Here you can read some more additional info from J.K. Rowling herself. The most interesting part of this post is that the auth0r considered publishing her adult novel under a pseudonym, but then changed her mind, saying - “But in some ways I think it’s braver to do it like this." However, here is a question, would The Casual Vacancy have received as much attention and, let's be frank here, a sure bestselling status without Rowling's name attached to the project? Bravery vs. definite financial success? Here is some food for thought.
In other news, book bloggers are ruining LITERATURE (and here we thought that we, adult YA- and genre fic- lovers, have ruined literature for everyone already), as lamented by Booker head judge and proud reader of 20 books a year, Peter Stothard. One might wonder, why is Mr. Stothard so concerned? It's not like we are taking bread out of his mouth reviewing the high-brow lit that he seems to cherish. Surely people interested in shortlisted Man Bookers and Pulitzers know not to check The Readventurer for opinions? Plus, someone has to give attention to the "low-brow," readable books he and people like him would never touch, right?
Positions such as Stothard's always bring to light the ever-going-on debate about worthiness of literary fiction and worthlessness of any genre fiction (and, consequently, the importance of the professional criticism of literary fiction over pedestrian reviewing of everything else). A few articles this week touched upon various aspects of this issue of literary snobbishness:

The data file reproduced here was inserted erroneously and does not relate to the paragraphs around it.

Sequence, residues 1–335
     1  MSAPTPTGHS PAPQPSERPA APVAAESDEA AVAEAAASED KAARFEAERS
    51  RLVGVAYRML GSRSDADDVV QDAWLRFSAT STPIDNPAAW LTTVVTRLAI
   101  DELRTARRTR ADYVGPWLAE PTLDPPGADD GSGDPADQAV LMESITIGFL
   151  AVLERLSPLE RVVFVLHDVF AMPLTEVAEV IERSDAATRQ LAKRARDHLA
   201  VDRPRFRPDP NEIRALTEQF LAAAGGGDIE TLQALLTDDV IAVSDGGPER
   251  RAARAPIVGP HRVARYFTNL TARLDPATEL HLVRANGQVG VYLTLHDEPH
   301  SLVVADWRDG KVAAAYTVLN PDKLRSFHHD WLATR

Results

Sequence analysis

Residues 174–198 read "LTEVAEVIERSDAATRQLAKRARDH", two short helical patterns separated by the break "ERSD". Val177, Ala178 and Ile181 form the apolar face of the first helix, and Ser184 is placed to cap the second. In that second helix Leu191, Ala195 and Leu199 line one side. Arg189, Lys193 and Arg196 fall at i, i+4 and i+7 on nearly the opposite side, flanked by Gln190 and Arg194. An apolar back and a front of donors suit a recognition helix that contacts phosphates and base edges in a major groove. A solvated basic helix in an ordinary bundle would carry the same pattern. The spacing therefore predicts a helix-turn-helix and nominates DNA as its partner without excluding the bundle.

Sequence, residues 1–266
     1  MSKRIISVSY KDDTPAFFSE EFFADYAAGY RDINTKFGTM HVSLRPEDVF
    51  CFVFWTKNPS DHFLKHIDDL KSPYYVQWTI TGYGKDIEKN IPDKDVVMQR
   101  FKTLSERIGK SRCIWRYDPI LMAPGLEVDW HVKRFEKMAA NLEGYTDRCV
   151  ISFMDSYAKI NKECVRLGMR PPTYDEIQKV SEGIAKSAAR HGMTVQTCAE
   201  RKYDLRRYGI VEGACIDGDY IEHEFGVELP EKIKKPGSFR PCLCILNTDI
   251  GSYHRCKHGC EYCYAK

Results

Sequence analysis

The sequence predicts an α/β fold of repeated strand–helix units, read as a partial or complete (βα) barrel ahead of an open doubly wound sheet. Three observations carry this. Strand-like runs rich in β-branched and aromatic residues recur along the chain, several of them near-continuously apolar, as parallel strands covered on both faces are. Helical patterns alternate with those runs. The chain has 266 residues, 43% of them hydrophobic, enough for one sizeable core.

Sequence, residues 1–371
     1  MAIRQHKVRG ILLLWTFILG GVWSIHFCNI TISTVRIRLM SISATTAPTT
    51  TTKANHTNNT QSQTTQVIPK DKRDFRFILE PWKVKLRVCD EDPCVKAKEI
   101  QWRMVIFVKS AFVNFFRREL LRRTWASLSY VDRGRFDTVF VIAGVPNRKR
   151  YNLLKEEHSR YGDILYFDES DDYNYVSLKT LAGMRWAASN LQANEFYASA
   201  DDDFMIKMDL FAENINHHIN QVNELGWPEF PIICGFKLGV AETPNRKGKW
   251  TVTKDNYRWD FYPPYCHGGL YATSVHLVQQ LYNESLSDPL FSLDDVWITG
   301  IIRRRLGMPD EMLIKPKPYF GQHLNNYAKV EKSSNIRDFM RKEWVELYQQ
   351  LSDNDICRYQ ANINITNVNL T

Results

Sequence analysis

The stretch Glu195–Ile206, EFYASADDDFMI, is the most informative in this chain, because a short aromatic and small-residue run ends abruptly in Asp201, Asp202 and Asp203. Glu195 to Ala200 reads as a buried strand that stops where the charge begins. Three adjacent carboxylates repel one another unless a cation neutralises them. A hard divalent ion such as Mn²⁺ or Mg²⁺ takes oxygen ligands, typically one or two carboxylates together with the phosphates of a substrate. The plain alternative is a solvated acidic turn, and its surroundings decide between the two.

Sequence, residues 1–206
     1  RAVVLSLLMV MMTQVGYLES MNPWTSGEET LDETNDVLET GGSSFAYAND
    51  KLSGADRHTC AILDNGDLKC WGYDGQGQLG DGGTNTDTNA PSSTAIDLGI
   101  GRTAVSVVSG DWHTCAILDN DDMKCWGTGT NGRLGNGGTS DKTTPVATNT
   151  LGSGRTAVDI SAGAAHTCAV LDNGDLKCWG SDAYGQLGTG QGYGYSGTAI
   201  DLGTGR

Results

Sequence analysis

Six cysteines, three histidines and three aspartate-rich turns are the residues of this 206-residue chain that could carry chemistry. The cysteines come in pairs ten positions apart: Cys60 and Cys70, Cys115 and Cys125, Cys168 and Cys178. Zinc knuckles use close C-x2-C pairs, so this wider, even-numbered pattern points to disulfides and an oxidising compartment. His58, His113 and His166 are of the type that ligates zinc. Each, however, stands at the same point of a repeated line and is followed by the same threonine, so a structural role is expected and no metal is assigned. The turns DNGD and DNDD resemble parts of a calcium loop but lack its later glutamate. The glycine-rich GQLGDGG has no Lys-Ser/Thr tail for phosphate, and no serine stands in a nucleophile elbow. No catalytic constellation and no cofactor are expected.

Book View Cafe had not one, but two articles that explore the relationship between literary and genre fiction:
“Oh, but *I* write literature . . .” (why is literary considered to be better than any genre fiction? when does "literary" become just another genre category? and does "literary" categorization guarantee longevity in literary history?) and Distinguishing Between Literary and Other Genres (what makes a book "literary" and why?)
Over at Salon Jeffrey Eugenides, a beloved darling of literary critics, gave an interview in which he briskly dismissed any concerns of gender bias in the world of literature. NPR cleverly dissects his responses on the subject here.
In random news, Penguin sued several prominent authors who failed to deliver books for which they received hefty contractual advances. It's an interesting article and it can get one thinking - with quite a few YA authors receiving massive 6- and 7-figure advances these days, what happens if their novels just don't sell as well as expected? Do the authors have to return their advances?
And, in conclusion, a couple of links about our favorite authors:
Stephanie Perkins (cryptically) answers questions about her much anticipated third novel Isla and the Happily Ever After.
EW reveals the cover and offers an excerpt from Gayle Forman's upcoming Just One Day. If you are lucky, you might be able to snag an eARC of the book on Edelweiss.